By: Betty McNeil

In Hazout v. Ting, C.A. No. N14C-12-067 at *1-34 (Del. Feb. 26, 2016), the Supreme Court of Delaware held that §3114 of the Delaware Code provided a statutory basis for personal jurisdiction contrary to other precedent.[1]

In 2014, Tsang Mun Ting brought an action on behalf of himself and a Hong Kong Investor group.[2]  The complaint alleged that Marc Hazout, and Silver Dragon “committed fraud, were unjustly enriched, and fraudulently transferred payments in violation of Delaware’s Fraudulent Transfer Act.”[3]  Hazout, the President, CEO, and Principal Financial Accounting Officer of Silver Dragon, a Delaware Corporation whose principal place of business is in Toronto, moved to dismiss the claim, suggesting Delaware did not have personal jurisdiction.[4]

Ting’s claim alleged that Silver Dragon, by and through Hazout, entered into a series of agreements with the Hong Kong Investor Group.[5]  Upon approval and consent of the Silver Dragon directors, the memorialized agreements would have required the directors to resign in exchange for $3,417,265, a security interest, and the opportunity for Silver Dragon to move forward with its business plans.[6]  Prior to receiving all signatures of the resigning directors, the Investor Group paid $1,014,140 to Silver Dragon; but, one of the directors refused to sign the resignation agreement.[7]  Director Chan’s refusal to sign the agreement caused the deal to fail and on April Fool’s day of 2014, Ting and the Hong Kong Investor group were told that a substantial portion of the distributed funds had already been used to pay the debts of Silver Dragon.[8]

In Delaware, the services of process on nonresident directors is outlined in 10 Del.C. §3114.[9]  Specifically, the statute gives Delaware courts personal jurisdiction over nonresident directors in “(1) all civil actions or proceedings brought in this State, by or on behalf of, or against such corporation, in which such officer is a necessary or a proper party, or (2) any action or proceeding against such officer for violation of a duty in such capacity.”[10]  Facially, the statute seems to suggest that Delaware court’s have jurisdiction over Hazout.[11]  However, Hazout argued that precedent set by the Chancery Court in Hana Ranch, Inv., v. Lent, read out the “necessary or proper party” provision of the statute; which in turn “limit[ed] the application” of the statue.[12]  With this argument noted, the Court indicates that it has never answered the question of whether Hana’s decision was correct.[13]  Likewise, Ting’s argument was premised on the suggestion that Hana was an erroneous interpretation of § 3114 because the Chancery court’s determination was “beyond the proper judicial role.”[14]

Ultimately, the Court’s conclusion follow’s Ting’s argument.[15]  Firstly, the Court’s analysis looked at the statute and the intent of the legislature.[16] It found that the Delaware statute is unambiguous and judicial decisions must be construed by the plain meaning of the statute.[17] The Court goes on to state that “courts are not authorized to strike provisions of a statute” and therefore, the decision in Hana cannot stand.[18]  Further the court suggests that the statute itself carries certain safe harbors.[19]  Specifically, the safe harbors will assure jurisdiction over parties will be consistent with constitutional principles of due process by applying the holdings in the line of cases following International Shoe and by following the doctrine of forum non conveniens.[20]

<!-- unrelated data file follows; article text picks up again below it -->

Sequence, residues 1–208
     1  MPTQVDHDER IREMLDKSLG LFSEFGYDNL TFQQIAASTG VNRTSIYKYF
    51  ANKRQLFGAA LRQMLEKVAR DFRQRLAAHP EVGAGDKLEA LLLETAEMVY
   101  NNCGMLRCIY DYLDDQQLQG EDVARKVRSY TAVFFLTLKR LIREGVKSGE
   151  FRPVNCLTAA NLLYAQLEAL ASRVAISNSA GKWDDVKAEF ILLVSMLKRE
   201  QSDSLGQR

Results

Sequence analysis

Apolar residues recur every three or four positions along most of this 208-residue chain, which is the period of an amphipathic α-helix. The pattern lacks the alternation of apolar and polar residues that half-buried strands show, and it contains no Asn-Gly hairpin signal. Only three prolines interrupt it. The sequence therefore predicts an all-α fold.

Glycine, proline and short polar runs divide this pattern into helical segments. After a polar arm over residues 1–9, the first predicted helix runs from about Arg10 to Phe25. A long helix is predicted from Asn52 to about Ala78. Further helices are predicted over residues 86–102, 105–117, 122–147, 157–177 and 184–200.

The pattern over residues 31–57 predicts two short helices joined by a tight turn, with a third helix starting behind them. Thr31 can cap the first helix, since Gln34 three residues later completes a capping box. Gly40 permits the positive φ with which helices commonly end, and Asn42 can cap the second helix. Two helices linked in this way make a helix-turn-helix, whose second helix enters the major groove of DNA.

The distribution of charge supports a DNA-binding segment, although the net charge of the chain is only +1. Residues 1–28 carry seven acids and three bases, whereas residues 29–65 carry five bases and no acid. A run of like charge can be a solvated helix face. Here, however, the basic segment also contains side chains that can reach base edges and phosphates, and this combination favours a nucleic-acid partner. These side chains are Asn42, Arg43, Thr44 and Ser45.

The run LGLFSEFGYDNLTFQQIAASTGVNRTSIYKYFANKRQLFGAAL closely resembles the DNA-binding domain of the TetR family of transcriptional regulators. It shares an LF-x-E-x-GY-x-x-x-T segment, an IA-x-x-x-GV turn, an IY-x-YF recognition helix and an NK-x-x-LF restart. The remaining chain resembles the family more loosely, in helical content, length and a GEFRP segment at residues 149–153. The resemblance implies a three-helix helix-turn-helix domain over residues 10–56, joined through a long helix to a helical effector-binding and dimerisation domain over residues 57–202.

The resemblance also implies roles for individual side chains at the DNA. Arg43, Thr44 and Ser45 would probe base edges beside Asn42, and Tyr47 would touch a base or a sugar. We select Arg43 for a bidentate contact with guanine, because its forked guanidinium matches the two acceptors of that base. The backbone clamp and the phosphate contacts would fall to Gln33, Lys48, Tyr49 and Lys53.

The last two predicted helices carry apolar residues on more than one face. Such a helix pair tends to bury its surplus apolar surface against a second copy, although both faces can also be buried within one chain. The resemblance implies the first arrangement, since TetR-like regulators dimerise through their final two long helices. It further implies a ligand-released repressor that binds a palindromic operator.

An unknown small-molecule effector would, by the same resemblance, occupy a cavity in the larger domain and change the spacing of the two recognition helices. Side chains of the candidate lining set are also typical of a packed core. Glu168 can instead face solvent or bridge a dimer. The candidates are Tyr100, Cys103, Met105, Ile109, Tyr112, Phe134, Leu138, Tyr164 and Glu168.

The case holding that nonresident directors will be subjected to personal jurisdiction in cases where there are clear signs of consent is not new, however, there are likely other Ting followers that would disagree with the Court’s holding.   For instance, there is an underlying policy implication that if Congress has not attempted to correct a Court’s interpretation of a statute, then the judicial holding stands – at least until Congress corrects the court. Unfortunately, there is also the counter argument, as noted by the Court, that courts should not have the authority to read out clearly unambiguous statutory language.  Regardless of one’s personal opinion, however, litigators that represent nonresident directors, and the very nonresidents who opt to be on a domestic corporation’s board should be weary when determining whether personal jurisdiction exist.  Therefore, future board directors must cautiously scrutinize not only the agreements that bind them to employer-corporations but also judicial precedent that may conflict with legislation.  Likewise, assuming those already on board are nonresidents, he or she must look for other protection mechanisms if they wish to avoid being subjected to jurisdiction as this case reflects the Courts decision to overrule Hanna’s interpretation of the Delaware statute.

[1] Hazout v. Ting, C.A. No. N14C-12-067 at *1, 34 (Del. Feb. 26, 2016).

[2] Id. at *13.

[3] Id.

[4] Id. at *8; Id. at 15.

[5] Id. at *9 – 10.

[6] Id. at *10.

[7] Id. at *12.

[8] Id. at *13.

[9] 10 Del.C. §3114.

[10] Id.

[11] Hazout, C.A. No. N14C-12-067 at *1, 34; 10 Del.C. §3114 (emphasis added).

[12] Id. at *15.

[13] Id. at *18, 24-25.

[14] Id. at *19.

[15] Id. at *20.

[16] Id. at *21.

[17] Id. at *20.

[18] Id. at *21-22.

[19] Id. at *26.

[20] Id. at *29; Blacks Law Dictionary (10th ed. 2014) (defining forum non conveniens as the doctrine that an appropriate forum — even though competent under the law — may divest itself of jurisdiction if, for the convenience of the litigants and the witnesses . . .).

Share this post